What have I been doing since I graduated from Penn’s Master of Applied Positive Psychology program a few months ago? NOTHING! Okay, that’s not entirely true. I took a break to let my brain process everything I learned this year. Especially the glut of information clogging my brain after the capstone research process.
Rest is a useful habit. Our waking brains constantly seek out clues and make connections. Sleep helps our brains consolidate memories. Writing my capstone, like the bar exam I took three years ago, wore me out. In both cases, I felt like I was carrying a 10-pound brick on my shoulders. Putting aside intellectual work for a few months while my brain did its work in the background helped clear the fog.
However, I haven’t been idle – I’ve been training to work as a public speaker and preparing to work on creating the organization I overviewed in my capstone.
Public speaking wasn’t my idea. Scott Asalone, an assistant instructor in one of my classes and an alumnus of the MAPP program, suggested it. Among other things, he noticed that I enjoy being onstage. This is true – I feel more freedom to express the animated, boisterous portion of my personality on stage than in everyday life. Granted, I work in a court and you can’t go around pranking judges, but even outside of the court, one is expected to maintain a level of decorum that I sometimes find restrictive.
Speaking also allows me to share ideas and talk to an audience on behalf of others. I served in this role in law school, speaking on behalf of the students as editor-in-chief of the newspaper. There, I learned the importance of digging beneath the surface of the various sides of a debate to underlying factors, issues, and questions that are most important, but often unconsidered. I hope to continue this mode of inquiry, looking to history, law, psychology, and other sciences to inform the topics I take on.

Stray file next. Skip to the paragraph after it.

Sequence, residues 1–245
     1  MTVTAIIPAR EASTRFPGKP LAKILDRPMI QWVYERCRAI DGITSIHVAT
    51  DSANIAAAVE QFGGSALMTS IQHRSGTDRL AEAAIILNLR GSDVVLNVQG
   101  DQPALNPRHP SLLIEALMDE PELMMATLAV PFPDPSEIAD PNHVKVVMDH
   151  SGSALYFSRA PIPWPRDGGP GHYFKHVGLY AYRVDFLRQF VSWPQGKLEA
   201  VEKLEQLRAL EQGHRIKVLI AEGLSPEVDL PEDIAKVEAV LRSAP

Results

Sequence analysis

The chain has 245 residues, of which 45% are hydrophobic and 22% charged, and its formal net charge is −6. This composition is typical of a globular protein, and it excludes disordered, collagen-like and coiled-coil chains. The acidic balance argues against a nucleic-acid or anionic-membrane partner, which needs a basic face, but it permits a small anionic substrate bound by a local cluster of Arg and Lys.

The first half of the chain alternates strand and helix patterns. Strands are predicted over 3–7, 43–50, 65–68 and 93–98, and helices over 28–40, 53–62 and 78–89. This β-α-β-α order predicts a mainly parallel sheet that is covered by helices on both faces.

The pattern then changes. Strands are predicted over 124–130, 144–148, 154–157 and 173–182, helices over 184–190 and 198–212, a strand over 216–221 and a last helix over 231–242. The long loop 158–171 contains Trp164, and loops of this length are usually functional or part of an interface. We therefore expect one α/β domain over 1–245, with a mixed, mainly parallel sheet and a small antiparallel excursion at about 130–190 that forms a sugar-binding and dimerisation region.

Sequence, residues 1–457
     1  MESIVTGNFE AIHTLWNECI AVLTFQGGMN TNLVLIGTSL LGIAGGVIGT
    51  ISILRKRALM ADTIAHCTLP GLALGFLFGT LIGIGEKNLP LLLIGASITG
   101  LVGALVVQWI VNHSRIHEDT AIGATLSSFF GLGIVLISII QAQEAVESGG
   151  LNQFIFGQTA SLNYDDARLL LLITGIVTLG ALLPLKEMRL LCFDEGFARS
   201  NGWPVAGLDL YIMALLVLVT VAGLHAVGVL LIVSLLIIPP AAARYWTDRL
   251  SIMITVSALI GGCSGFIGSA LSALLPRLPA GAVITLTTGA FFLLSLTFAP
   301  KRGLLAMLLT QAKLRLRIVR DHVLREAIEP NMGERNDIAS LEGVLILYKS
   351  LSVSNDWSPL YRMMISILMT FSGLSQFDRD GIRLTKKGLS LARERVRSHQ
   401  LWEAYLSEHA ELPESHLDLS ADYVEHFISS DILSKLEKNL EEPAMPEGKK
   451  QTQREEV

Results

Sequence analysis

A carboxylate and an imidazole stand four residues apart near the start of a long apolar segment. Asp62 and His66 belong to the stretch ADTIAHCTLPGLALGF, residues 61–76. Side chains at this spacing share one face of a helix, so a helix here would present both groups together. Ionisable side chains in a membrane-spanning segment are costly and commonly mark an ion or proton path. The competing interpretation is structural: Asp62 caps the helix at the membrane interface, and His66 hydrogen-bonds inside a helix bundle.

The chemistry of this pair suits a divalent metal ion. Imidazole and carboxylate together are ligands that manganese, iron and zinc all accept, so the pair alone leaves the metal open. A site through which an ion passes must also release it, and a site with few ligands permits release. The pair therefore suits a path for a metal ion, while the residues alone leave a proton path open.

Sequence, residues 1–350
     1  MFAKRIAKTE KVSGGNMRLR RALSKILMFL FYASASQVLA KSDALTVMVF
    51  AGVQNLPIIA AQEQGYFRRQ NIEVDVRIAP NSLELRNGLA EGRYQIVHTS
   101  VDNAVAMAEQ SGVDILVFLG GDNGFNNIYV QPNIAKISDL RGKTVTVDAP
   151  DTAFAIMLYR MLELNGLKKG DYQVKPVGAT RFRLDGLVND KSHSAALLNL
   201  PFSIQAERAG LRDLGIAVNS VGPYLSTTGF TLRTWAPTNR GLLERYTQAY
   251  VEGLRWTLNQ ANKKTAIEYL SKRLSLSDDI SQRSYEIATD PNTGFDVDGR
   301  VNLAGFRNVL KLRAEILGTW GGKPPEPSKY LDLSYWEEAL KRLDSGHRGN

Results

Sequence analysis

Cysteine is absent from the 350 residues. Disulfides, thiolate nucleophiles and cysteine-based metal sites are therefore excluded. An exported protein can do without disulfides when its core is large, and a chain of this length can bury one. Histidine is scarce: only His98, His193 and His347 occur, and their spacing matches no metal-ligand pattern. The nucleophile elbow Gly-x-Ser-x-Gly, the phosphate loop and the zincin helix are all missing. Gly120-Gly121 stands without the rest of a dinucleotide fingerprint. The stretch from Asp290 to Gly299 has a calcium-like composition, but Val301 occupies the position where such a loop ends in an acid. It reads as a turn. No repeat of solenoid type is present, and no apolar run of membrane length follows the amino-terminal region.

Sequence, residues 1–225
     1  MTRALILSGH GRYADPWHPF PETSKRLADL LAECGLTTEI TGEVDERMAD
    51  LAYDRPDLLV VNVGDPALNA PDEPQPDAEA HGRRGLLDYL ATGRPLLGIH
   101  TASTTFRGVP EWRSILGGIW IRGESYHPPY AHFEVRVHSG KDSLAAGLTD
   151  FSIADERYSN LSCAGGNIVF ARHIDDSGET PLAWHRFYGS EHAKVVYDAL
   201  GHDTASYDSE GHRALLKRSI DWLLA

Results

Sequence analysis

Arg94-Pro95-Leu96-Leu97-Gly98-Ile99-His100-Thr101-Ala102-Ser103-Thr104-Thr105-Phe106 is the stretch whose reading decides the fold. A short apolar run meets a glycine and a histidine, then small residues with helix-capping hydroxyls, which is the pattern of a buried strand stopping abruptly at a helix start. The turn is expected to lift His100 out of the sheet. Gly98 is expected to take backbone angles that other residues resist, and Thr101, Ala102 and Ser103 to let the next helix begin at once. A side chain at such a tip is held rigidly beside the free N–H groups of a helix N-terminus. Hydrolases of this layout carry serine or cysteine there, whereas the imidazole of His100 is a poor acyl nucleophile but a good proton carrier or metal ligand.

It is this mode of inquiry that informed the four years of work that led to my capstone, and to the business proposal that came out of it. What I am working toward now is an organization that will (to borrow from my capstone) “channel the river.” Specifically, I am looking to foster equal results for lower-income and minority students, starting with law school. The fundamental idea driving this focus is that we humans are significantly similar to one another. Given similar circumstances, we should all achieve within the same range. However, educational attainment (and thus career prospects) tends to track household income before adjusting for ability. I believe that the available data and scientific research can be used to help more students from the lower half of the income divide to perform more like their peers from the upper half.
For now, I have to continue putting the pieces in place. Hopefully, I’ll be ready to give my first talk by the middle of next year, and start my organization by the end of next year. Keep your fingers crossed.